What are the disadvantages of a Thousand Trails membership?

Making Reservations. Their reservation system can be confusing and in peak seasons you may have some difficulty reserving a spot where you want to stay. This is especially true for places like Florida or Arizona in the winter and all of New England in the summer months. Remember, these are private campgrounds that participate in this program, so they limit the amount of sites available to Thousand Trails members so their campgrounds aren’t filled with RVers that aren’t paying to stay there, although my sure that do receive some sort of reimbursement eventually from the Thousand Trails programs but I sure it’s far less than what they would receive from non-members that pay full price for their rates.

Their 14-day in and 7-day out rule. The way their program is set up it that you can stay a maximum of 14 days at any campground that participates in the program then you have to leave the system for seven days before you can return to a participating campground. This can sometimes be problematic if you’re in some area during peak season and of course if you go to another campground that isn’t in their system, you’ll be paying full price for seven days. However, there are creative ways to camp for free when you’re out of the Thousand Trails system and I will discuss some of those options later in this article.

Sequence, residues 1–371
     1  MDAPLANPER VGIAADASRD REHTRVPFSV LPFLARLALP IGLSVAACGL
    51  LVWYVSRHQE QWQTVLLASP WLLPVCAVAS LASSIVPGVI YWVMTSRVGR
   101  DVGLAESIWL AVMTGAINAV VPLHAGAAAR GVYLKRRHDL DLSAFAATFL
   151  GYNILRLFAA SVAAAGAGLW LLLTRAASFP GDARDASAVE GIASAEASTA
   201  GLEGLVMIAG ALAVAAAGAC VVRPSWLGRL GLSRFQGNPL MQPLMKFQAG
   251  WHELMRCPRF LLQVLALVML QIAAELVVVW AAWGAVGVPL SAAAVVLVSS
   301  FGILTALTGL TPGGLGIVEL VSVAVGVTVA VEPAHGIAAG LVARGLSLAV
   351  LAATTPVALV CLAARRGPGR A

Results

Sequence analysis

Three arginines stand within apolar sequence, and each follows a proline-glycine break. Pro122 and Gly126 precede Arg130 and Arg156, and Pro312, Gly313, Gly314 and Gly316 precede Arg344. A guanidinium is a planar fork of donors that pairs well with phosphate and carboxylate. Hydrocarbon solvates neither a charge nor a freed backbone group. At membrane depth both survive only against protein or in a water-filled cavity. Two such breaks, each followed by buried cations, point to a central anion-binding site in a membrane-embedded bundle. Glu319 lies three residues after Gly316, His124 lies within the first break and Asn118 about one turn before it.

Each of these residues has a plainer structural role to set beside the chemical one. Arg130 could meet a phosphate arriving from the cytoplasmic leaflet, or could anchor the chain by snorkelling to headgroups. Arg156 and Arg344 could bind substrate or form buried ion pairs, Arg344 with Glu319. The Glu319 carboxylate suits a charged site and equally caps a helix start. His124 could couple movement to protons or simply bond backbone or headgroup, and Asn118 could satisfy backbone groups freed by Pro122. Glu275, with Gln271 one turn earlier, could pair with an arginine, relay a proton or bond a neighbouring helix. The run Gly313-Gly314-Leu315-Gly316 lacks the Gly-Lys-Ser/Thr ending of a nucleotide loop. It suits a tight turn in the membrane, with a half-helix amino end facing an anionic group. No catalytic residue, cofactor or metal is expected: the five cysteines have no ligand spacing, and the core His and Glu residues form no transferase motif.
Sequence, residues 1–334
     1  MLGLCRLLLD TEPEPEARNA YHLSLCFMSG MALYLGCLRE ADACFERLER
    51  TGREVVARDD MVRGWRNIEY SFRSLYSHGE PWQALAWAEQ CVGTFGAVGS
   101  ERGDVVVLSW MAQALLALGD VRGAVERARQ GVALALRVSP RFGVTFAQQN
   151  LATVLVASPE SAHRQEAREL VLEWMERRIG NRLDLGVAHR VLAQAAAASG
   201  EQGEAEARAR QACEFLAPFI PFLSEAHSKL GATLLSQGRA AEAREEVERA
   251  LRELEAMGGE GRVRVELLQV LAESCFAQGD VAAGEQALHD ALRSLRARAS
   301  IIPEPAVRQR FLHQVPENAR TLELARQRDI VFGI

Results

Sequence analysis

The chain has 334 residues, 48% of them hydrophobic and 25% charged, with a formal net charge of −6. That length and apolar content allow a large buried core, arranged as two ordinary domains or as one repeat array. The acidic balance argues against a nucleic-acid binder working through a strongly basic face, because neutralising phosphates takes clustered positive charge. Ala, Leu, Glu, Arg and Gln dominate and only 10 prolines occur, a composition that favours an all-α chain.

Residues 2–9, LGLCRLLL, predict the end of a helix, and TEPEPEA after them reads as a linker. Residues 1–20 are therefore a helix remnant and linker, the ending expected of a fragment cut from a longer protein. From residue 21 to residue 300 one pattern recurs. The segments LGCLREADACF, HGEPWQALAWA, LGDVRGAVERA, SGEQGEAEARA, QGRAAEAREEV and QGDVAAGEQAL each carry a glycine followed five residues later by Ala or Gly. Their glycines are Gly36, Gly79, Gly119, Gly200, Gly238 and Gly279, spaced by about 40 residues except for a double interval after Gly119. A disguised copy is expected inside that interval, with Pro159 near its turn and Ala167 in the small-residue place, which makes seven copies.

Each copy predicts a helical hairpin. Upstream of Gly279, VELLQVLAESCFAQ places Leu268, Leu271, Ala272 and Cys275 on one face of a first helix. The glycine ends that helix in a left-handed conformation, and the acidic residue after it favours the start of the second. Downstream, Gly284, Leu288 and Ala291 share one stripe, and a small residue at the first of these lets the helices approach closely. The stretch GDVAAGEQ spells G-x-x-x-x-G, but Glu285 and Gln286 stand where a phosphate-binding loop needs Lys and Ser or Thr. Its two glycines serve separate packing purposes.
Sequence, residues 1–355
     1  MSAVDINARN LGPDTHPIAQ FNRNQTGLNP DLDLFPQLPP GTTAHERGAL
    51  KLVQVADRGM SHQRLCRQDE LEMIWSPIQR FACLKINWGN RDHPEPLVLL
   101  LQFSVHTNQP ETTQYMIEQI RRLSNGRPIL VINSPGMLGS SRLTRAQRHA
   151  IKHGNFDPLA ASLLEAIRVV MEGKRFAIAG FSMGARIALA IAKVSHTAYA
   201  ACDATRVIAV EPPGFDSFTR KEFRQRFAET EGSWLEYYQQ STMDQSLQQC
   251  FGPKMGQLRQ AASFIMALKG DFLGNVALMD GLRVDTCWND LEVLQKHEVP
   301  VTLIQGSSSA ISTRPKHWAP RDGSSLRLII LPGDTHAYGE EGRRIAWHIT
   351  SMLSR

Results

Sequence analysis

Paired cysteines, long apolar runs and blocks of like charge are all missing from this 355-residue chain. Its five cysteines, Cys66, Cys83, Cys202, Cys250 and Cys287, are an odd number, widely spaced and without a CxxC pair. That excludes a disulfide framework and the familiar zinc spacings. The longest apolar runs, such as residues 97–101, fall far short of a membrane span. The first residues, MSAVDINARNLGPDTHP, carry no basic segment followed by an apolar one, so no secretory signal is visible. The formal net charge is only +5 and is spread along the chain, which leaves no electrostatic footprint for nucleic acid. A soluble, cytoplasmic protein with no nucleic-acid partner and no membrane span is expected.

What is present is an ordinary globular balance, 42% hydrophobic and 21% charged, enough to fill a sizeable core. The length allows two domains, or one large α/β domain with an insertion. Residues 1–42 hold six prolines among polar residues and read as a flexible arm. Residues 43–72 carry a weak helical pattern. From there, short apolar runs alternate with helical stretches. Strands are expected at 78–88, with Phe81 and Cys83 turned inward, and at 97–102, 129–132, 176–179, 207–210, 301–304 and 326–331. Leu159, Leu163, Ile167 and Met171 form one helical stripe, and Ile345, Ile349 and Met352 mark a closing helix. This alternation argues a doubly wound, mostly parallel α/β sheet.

The laundry facilities. I know this might sound trivial, but it’s something that I have experienced at every campground that I have stayed at within their system. None of these campgrounds ever seem to have the traditional coin operated machines that most public laundromats have. Instead, you have to purchase a debit card for $4.95 then you have to load money onto the card to use the machines. Sounds simple, right? Not so fast, every campground I have stayed at all sell a different card and they are not interchangeable, so I now have a collection of these cards all with cash still on them. To me, that seems like a racket.

Understanding their membership tiers and programs. The prices and benefits that I addressed earlier in this article cover a basic membership and a couple of add-ons. However, Thousand Trails has numerous memberships with other advantages and understanding them can be very confusing. A good example of this is that some of their campgrounds have age restrictions. Many campgrounds cater to those over 50 years old and while I don’t have problems with that because I’m that age, I would highly recommend doing some research before you decide on what membership will work for you.

Are there other programs out there where I can stay for free?